HMI SCADA as a technology product continues to grow and adapt in this Industrial Internet of Things (IIoT) world. Once a control room technology, new iterations make it a natural for the Internet of Things. Steve Hechtman, founder of Inductive Automation, approached me some 15 years ago (I can’t believe it’s been that long) at a trade show to explain a new HMI SCADA product built with Java and IT-friendly technologies. The product has evolved substantially over the years, but the IT-friendly aspect is proving valuable in this new IT/OT convergence atmosphere.
So, now we have HMI SCADA and Enterprise linked. Inductive Automation has named Brock Solutions as the first system integrator in the new Inductive Automation Enterprise Integrator Program. Inductive Automation defines Enterprise Integrators as those with a high level of Ignition certification, a global presence, the ability to take on enterprise-wide projects, and 250 or more engineers, among other requirements.
Ignition by Inductive Automation is an industrial application platform with fully integrated tools for building solutions in human-machine interface (HMI), supervisory control and data acquisition (SCADA), and the Industrial Internet of Things (IIoT). Ignition is used in virtually every industry, in more than 100 countries.
“We’re very excited to be the inaugural member of Inductive Automation’s new Enterprise Integrator program,” said Davin McDougall, operations leader at Brock Solutions. “This program focuses on organizations looking for an integration partner like Brock Solutions with global/national reach, technical expertise, and breadth of services to roll out enterprise-wide Ignition solutions that are repeatable, scalable, sustainable, and — most importantly — that drive business value.”
Inductive Automation first made the announcement at its Ignition Community Conference (ICC) in 2017. Also at ICC 2017, Brock’s John Southcott presented a session with R.J. Reynolds Tobacco Company about how Brock aided Reynolds in its highly successful enterprise-wide transformation.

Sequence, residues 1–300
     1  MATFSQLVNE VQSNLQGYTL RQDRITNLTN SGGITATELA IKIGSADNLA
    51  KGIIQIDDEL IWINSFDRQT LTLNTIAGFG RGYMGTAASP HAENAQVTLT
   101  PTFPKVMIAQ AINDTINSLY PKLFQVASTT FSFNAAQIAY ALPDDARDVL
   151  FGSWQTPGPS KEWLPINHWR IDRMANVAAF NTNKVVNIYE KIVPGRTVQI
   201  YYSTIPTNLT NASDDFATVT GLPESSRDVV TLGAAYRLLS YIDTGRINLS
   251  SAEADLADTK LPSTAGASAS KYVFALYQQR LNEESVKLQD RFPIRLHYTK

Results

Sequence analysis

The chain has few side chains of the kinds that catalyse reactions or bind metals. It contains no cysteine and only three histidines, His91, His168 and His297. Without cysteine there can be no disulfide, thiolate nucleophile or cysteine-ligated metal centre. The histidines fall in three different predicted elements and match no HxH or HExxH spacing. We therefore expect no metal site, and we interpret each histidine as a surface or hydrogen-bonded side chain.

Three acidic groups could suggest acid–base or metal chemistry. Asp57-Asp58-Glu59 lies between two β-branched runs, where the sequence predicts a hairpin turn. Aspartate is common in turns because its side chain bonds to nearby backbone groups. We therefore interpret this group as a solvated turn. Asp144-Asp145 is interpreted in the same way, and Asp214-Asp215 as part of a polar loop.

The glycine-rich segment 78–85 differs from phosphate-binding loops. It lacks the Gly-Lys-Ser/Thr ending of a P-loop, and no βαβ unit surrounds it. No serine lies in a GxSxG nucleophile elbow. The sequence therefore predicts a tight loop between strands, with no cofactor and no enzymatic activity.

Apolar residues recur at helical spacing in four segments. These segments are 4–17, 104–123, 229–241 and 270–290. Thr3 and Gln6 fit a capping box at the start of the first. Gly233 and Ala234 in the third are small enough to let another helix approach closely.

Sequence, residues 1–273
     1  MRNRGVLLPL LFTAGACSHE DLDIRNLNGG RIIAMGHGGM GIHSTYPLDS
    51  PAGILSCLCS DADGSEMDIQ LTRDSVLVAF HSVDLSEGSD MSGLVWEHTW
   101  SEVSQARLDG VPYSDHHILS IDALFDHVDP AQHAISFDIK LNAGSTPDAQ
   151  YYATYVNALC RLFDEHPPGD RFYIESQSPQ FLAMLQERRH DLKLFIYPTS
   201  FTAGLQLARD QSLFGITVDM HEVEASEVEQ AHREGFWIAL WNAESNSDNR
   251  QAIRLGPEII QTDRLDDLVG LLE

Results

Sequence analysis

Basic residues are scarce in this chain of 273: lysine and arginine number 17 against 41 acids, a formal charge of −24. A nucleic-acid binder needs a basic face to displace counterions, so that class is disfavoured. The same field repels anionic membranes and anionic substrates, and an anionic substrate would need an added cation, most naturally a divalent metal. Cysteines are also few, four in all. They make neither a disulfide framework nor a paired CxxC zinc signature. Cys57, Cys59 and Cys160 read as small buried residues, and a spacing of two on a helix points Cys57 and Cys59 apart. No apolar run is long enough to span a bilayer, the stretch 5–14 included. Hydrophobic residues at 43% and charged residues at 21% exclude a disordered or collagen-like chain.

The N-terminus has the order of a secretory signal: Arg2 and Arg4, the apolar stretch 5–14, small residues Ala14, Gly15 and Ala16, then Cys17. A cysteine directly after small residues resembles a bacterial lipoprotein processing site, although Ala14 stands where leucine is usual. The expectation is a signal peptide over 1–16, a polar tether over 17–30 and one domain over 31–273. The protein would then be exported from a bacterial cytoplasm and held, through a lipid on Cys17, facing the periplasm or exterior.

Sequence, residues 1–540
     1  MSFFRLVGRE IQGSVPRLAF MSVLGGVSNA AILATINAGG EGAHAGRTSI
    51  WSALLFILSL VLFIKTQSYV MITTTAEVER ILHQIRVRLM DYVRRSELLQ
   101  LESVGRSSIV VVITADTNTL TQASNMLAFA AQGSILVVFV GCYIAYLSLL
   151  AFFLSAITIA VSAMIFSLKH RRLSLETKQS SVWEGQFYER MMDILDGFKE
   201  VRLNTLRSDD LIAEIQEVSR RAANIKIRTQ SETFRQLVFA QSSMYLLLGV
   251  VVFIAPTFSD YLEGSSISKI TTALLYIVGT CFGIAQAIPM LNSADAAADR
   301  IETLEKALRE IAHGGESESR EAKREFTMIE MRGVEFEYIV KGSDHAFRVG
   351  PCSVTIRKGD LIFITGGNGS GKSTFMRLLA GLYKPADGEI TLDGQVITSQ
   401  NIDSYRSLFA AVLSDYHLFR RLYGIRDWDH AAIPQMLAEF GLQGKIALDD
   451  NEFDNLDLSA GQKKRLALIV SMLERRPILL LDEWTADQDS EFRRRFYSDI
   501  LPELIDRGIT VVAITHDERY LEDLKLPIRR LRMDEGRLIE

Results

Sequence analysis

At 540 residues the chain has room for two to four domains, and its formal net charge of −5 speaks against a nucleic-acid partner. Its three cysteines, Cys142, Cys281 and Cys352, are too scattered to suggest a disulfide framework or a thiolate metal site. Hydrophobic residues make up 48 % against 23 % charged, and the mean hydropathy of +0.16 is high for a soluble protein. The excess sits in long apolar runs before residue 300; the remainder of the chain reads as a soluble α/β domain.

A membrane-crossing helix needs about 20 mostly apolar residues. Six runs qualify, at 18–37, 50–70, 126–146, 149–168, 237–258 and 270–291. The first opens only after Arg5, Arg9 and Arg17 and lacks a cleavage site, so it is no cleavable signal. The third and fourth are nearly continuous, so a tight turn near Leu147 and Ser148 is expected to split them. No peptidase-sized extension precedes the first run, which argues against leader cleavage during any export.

Brock Solutions worked closely with Inductive Automation on the development and launch of the Enterprise Integrator Program. “It’s been a pleasure working with Brock Solutions the past three years, and we’re very happy to designate Brock as our first Enterprise Integrator,” said Don Pearson, chief strategy officer for Inductive Automation. “Brock Solutions’ thorough knowledge of its customers, its committed team members, and its strong business processes have led to some very impressive installations of the Ignition software platform, and we look forward to seeing Brock put together more large-scale projects in the future.”
Brock Solutions is an engineering solutions and professional services company specializing in the design, build and implementation of real-time solutions for broad-based industrial/ manufacturing and transportation/logistics organizations globally. With more than 400 employees, Brock Solutions is a privately held, employee-owned organization with more than 30 years in the real-time solutions space.
Inductive Automation creates industrial software cross-pollinating IT with SCADA technologies.
[Disclaimer: Inductive Automation is an advertiser, but they do not dictate my coverage of either it or the space.]
Time Sensitive Networking, or TSN, extends and amplifies standard Ethernet as defined by the IEEE. The complete suite of specifications lacks a couple of areas, yet, but it is complete enough to begin using. NI (National Instruments) has been an early proponent of the technology participating in a testbed assembled by the Industrial Internet Consortium.
I’m a TSN believer. When the complete set of specs if finished and we see commercial-off-the-shelf chipsets, this high speed, deterministic network will be a game changer for the Internet of Things and indeed industrial control and automation. The amount of murmuring I’m hearing from suppliers confirms in my mind the potential.
NI has announced new CompactRIO Controllers that include NI-DAQmx and Time Sensitive Networking (TSN). These controllers offer deterministic communication and synchronized measurements across standard Ethernet networks to increase performance and help improve productivity in addition to flexibility. NI was the first to market with industrial embedded hardware supporting TSN, the next evolution of the IEEE 802.11 Ethernet standard, and provides these controllers as part of its continued investment in TSN. Engineers can use TSN to synchronize distributed systems across networks, which eliminates the need for costly synchronization cables.
As industries such as automotive, oil and gas, research and aerospace continue to implement the Industrial Internet of Things (IIoT), acquiring accurate, reliable and synchronized data across distributed nodes has become more challenging. As a result, companies must keep pace to ensure their systems are ready to meet these evolving requirements.